Program Manager, oversees an exciting grants portfolio of Jewish women social entrepreneurs. She also manages the Foundation’s communications strategy and represents JWFNY in the Jewish Women’s Funding Network. Prior to joining the Foundation, Rachel received her Master of Science in Social Work with a focus in Social Enterprise Administration from Columbia University.  During her graduate studies Rachel completed an internship with UJA-Federation of New York where she aided in the grantmaking process for older adults, including a new initiative for voluntarism in the Baby Boomer cohort.  Earlier, Rachel served as the Marketing and Communications Assistant for the American Jewish Joint Distribution Committee (JDC), where she was responsible for assisting with the organization’s marketing efforts and coordinated the staff and board delegation to the Jewish Federation of North America’s General Assembly conference.  She also participated in the Jewish Communal Service Corps Fellowship at the Hillel in Philadelphia, where she was responsible for student engagement in Jewish life at Temple and Drexel Universities.  Rachel received her undergraduate degree from Binghamton University.

Natasha Mayer

Financial & Administrative Coordinator, supports the Foundation in all of its functions, including grantmaking, development, advocacy, and day-to-day operations. Before joining the Foundation, Natasha worked as the Office Manager at the Law Offices of Michael G. Berger. While an undergraduate, she interned at the Brooklyn Public Library, where she supported programming at The Child’s Place for Children with Special Needs. She received her bachelor’s degree in psychology from Oberlin College, where she conducted research within the Psychology Department, and chaired the Oberlin Student Theater Association.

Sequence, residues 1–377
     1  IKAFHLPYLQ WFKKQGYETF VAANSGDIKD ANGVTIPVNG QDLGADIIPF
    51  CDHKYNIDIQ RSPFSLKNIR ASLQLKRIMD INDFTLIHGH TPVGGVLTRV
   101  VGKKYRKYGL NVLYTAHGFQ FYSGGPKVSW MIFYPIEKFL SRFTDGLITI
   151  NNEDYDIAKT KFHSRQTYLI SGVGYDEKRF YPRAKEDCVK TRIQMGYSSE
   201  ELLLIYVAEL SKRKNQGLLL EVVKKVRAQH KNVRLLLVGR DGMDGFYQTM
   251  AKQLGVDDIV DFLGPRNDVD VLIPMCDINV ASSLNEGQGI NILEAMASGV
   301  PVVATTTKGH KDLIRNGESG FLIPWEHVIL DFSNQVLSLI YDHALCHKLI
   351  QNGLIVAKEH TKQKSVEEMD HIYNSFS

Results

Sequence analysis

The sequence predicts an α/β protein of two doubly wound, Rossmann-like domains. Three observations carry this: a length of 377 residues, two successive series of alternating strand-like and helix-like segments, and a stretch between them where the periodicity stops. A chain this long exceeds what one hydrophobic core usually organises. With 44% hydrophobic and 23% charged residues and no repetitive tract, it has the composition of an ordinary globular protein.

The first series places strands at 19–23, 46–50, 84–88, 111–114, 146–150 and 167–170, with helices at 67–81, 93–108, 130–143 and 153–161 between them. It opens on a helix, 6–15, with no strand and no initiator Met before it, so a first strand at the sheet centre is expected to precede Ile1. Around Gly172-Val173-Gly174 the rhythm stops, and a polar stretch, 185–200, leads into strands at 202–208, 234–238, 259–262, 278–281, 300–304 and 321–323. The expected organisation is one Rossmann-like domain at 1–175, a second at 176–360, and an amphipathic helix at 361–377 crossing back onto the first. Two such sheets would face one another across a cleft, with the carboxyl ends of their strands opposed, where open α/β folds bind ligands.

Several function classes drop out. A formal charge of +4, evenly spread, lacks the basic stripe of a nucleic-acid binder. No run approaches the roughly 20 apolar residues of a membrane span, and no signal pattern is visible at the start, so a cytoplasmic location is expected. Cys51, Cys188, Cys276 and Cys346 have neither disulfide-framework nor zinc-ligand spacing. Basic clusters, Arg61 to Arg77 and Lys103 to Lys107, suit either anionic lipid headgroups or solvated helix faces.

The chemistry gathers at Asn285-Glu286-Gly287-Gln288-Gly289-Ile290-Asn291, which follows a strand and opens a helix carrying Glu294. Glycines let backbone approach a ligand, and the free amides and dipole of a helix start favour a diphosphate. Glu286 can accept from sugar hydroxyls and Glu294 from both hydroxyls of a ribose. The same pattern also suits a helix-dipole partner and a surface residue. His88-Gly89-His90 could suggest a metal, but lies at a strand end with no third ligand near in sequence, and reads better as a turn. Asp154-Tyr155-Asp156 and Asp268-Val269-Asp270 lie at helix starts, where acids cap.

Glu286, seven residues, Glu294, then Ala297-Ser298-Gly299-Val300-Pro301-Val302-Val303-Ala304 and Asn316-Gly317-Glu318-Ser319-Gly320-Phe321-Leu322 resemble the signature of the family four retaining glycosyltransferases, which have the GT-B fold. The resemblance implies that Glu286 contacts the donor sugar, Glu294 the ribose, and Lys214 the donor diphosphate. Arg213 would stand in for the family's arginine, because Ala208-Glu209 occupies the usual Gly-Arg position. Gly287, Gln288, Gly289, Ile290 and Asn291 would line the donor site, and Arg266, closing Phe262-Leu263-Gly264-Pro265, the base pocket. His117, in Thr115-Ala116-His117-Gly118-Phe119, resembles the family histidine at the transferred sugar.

Executive Committee

Debbie Cosgrove, President
Avra Gordis, Vice President
Rachel Weinstein, Vice President
Aela Morgan, Secretary
Madeleine R. Grant, Treasurer
Miriam Caslow, Immediate Past President & Governance Chair

Board of Directors


Madelyn Bucksbaum Adamson
Loren Averick
Rachel Bluth
Kathryn Weg Brandt
Emily Gindi
Roberta Gordon
Sandra Lafer Greenberg
Elise Hahn-Rubin
Phyllis Herz
Shelly Mitchell
Melody Sawyer Richardson
Sheri Sandler
Julie R. Sissman
Diane Stern
Nancy Schwartz Sternoff z”l

Honorary Board
(Founders & Past Presidents)

Frances Brandt
Madeline Caslow
Marilyn Gottlieb
Madeleine R. Grant
Fern Hurst
Betsy Landis
Klara Silverstein
Peggy Tishman z”l
Lynn Tobias
Arlene Wittels